Wilson said that “a lot of people have questioned us, that we are hiding, initially that property was to be purchased with that $26 million.”

Documents acquired by the Enterprise, though, show in February the state directly told county officials that the state money could only be used for the land needed for the reload center. The money was not for industrial parks, the state said.

Malheur County officials continued planning on state money for the entire Farmer property and a second industrial park, listing $3.2 million in state money as recently as last August. That was half a year after the county was alerted about limitations on the state money.

Hodge told the hearing that while it may take a while, the project will pay off for the county.

Joyce said that initial milestones required by the state on the project had been met and that the real story “is the goal posts have been moved a lot of times in this project and we’ve had to adjust ourselves.”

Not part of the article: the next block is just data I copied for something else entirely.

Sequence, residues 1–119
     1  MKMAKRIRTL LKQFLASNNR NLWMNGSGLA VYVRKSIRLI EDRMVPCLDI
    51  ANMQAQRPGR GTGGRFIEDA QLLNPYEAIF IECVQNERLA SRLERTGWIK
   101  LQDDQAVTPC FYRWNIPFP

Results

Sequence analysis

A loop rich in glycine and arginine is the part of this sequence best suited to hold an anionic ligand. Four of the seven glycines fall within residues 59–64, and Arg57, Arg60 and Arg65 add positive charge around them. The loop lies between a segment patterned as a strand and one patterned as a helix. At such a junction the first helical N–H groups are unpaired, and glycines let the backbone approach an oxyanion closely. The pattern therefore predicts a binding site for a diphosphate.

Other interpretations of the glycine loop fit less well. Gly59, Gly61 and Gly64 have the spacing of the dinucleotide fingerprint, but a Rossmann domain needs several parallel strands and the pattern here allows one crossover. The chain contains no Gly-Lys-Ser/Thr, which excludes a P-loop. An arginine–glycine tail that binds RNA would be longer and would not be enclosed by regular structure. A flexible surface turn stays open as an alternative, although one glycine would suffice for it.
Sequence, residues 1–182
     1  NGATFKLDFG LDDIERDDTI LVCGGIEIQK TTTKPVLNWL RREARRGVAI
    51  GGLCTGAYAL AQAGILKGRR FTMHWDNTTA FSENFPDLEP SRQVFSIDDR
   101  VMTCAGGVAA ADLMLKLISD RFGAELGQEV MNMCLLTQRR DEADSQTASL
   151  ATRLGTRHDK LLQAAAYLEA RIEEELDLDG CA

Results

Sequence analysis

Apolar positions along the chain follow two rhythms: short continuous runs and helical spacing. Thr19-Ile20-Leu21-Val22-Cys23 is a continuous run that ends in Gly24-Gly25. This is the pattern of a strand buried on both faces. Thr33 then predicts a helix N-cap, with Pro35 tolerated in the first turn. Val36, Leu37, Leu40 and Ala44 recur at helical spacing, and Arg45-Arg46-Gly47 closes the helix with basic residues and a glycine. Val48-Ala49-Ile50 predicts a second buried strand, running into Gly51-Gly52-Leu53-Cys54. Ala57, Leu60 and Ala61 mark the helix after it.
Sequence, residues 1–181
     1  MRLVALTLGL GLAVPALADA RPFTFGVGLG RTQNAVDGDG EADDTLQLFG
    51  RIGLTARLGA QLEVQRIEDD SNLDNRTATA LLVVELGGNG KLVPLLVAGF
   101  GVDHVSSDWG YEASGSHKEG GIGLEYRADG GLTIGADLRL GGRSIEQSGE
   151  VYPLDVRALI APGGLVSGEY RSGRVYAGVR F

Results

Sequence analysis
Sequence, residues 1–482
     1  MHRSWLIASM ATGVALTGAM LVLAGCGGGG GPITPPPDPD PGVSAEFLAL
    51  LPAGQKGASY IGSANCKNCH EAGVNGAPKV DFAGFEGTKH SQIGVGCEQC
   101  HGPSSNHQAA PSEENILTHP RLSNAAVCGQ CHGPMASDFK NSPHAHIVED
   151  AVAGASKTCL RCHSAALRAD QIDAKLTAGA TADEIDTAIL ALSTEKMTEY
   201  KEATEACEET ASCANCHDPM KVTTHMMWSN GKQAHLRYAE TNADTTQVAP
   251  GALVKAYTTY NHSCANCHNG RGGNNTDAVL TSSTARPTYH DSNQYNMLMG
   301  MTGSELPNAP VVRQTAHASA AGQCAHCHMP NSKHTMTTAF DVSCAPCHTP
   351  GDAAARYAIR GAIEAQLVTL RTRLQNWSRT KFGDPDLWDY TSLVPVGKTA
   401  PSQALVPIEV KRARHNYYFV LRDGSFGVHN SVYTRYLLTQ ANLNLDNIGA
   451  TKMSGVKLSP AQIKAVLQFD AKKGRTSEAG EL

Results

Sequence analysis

PREVIOUS REPORTING:

Malheur County OKs $1 million to seal land deal as citizens have their say 

'Just be honest' - respondents want Malheur County Court to be more open with development details

Public wants vote before Malheur County commits millions, survey shows

Malheur County Court hears that county will make back any industrial investment

Malheur County needs another $14 million to build Nyssa industrial park, records show

How the Enterprise produced its story on county land deal, finances

Malheur County leaders mum as appraisal shows land value $1 million less than they agreed to pay

County taxpayers to be tapped nearly $1 million to buy Nyssa property, state reports

Malheur County plans borrowing to buy up private industrial land for future projects

For the latest news, follow the Enterprise on Facebook and Twitter.

Reporter Pat Caldwell: [email protected] or 541-473-3377.

For the latest news, follow the Enterprise on Facebook and Twitter.

SUBSCRIBE TO HELP PRODUCE VITAL REPORTING -- For $5 a month, you get breaking news alerts, emailed newsletters and around-the-clock access to our stories. We depend on subscribers to pay for in-depth, accurate news produced by a professional and highly trained staff. Help us grow and get better with your subscription. Sign up HERE.